Federal Trail Funding Program Under Review by Senate

Government funding of recreational trails in flux for 2015

The simplest definition of politics is who gets what, when and why. It’s rarely logical, virtually never “fair” and it’s an inherently part of everyday life.

The latest and most pressing political issue in the world of recreational sports could affect everyone from mountain bikers to horseback riders. The Recreational Trails Program (RTP) is the country’s biggest source of trail funding and it’s under review by the senate.

The International Mountain Bicycling Association (IMBA) has asked everyone benefitting from these government funded trails to write to their local senator.

Senators won't respond nearly as well if these letters just come from the IMBA office. They need to hear from you—their constituents… The RTP is arguably the most important government program that benefits mountain bicyclists and funds the development and maintenance of thousands of miles of shared-use trails. RTP is a very effective, user-pay/user-benefit program that serves as the foundation for state trail programs across the country, leverages hundreds of millions of dollars of additional support for trails, and boosts economic activity in hundreds of communities.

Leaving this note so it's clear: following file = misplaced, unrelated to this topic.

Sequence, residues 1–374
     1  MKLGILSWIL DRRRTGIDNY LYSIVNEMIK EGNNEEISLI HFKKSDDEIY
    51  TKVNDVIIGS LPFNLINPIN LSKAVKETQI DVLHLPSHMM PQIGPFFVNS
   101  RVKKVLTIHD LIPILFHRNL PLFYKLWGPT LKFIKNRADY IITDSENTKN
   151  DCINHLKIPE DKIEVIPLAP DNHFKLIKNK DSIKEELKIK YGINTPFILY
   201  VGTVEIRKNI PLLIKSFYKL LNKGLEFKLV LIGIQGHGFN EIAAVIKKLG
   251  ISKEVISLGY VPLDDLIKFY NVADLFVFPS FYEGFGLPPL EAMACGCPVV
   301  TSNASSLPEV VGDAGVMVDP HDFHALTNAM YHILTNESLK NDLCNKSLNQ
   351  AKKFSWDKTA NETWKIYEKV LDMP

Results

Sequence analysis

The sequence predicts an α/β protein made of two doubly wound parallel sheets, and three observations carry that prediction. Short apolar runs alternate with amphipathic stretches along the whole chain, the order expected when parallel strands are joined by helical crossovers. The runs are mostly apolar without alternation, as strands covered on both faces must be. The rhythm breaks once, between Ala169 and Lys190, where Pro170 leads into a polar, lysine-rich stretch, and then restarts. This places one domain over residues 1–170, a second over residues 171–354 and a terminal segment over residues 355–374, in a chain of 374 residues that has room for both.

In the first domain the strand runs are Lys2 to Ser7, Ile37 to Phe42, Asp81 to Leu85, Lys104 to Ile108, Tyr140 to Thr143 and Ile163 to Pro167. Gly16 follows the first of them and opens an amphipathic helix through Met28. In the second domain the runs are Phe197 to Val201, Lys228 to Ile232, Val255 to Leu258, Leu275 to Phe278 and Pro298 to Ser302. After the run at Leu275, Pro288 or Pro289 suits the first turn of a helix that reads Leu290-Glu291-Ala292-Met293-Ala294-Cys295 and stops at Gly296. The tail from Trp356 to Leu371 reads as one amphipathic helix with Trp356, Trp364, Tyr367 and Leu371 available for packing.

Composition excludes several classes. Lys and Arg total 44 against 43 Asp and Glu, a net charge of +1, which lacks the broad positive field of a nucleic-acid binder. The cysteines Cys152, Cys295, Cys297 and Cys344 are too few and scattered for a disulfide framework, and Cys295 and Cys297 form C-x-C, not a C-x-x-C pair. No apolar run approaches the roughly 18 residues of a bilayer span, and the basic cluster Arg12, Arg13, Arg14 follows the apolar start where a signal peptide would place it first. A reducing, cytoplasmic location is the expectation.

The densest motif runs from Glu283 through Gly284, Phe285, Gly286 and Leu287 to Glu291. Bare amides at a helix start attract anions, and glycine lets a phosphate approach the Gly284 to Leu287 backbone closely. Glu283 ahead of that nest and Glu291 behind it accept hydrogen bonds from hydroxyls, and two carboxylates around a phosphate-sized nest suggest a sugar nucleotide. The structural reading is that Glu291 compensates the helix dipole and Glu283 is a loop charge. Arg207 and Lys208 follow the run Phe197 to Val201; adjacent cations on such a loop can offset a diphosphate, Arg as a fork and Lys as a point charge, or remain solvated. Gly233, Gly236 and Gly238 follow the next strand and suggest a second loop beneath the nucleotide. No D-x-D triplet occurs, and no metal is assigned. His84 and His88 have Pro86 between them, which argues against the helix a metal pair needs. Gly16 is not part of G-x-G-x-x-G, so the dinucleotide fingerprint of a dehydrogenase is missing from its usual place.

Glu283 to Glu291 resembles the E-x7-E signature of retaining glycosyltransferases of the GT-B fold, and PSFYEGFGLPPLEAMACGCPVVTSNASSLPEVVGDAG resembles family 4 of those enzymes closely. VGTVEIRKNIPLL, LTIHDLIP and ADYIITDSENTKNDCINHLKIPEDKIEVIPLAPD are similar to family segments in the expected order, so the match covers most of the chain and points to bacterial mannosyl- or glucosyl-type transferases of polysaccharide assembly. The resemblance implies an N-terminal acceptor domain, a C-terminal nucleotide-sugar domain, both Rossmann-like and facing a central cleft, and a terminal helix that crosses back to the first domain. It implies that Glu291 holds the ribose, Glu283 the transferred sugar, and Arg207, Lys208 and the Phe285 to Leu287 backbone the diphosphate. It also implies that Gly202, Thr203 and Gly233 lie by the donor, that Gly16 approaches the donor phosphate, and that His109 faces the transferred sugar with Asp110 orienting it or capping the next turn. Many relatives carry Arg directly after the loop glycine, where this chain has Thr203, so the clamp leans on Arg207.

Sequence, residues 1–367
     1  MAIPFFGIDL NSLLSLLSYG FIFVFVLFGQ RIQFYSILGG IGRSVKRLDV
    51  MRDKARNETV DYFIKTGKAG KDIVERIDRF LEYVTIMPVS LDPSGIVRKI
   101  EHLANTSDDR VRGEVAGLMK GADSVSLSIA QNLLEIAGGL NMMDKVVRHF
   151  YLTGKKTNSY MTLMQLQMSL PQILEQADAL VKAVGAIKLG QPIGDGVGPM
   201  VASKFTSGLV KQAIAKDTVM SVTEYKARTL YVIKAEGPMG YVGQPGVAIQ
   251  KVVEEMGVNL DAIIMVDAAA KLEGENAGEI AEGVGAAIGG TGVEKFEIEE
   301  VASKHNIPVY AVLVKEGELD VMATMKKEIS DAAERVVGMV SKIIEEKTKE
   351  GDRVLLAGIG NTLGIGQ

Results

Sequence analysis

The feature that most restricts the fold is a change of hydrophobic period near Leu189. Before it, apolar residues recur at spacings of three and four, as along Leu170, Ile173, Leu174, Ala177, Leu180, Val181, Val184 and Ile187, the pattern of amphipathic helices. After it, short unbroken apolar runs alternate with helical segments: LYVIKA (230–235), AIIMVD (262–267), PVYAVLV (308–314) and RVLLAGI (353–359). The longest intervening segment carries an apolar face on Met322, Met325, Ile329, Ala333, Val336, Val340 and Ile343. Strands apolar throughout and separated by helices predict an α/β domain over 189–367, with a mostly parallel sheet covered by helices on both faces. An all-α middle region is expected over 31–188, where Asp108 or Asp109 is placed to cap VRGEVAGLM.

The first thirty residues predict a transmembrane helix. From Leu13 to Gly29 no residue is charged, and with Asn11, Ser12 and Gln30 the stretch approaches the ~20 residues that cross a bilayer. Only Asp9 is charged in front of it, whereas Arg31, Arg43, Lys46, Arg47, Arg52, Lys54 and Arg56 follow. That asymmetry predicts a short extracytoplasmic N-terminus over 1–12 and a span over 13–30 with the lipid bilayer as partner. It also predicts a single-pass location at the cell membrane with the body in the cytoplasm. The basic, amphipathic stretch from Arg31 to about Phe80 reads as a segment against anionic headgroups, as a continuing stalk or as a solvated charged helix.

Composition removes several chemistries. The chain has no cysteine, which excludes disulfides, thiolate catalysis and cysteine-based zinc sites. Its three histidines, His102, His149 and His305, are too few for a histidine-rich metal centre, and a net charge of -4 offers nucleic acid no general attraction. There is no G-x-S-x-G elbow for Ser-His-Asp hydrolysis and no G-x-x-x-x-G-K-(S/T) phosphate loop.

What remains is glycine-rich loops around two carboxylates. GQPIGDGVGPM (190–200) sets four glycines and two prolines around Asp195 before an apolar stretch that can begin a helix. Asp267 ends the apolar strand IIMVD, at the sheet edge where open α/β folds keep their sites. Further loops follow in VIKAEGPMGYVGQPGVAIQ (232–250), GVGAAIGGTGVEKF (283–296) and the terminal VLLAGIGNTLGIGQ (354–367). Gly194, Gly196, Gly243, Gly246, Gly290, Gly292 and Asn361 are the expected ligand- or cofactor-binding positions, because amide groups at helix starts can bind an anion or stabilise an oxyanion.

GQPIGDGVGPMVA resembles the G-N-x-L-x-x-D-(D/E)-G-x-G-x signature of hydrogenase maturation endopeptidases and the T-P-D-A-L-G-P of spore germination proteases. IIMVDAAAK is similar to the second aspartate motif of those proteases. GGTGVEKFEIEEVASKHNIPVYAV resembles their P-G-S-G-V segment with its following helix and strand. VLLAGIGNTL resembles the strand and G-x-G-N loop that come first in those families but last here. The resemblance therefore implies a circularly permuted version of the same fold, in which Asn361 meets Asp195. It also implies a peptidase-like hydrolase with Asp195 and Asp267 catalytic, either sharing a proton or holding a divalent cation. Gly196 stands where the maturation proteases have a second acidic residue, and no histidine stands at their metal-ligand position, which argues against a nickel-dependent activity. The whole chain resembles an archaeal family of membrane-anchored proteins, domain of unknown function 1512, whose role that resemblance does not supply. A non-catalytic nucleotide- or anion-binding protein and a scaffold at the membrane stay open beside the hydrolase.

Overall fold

According to IMBA, funds from the program are supporting ongoing projects. Two such projects are the construction of the 50-mile Prescott Circle Trail in Arizona and an expansion on Coldwater Mountain in Alabama.

RTP funds have helped construct thousands of projects since the early 1990s. The program had a rocky start, only giving states funding three of the initial six years, but has since flourished. In 1998 the program was amended and more funds were made available for the states. The money comes from each state’s fuel tax money. Half of that tax money is distributed evenly among the states and the other half is given back in proportion to the amount of taxes raised by each individual state.

In 2013, the program paid out a combined $79,212,744 to the states. If you’d like to lobby your senator to extend RTP, you can find all the information for your senator and a pre-written letter here.


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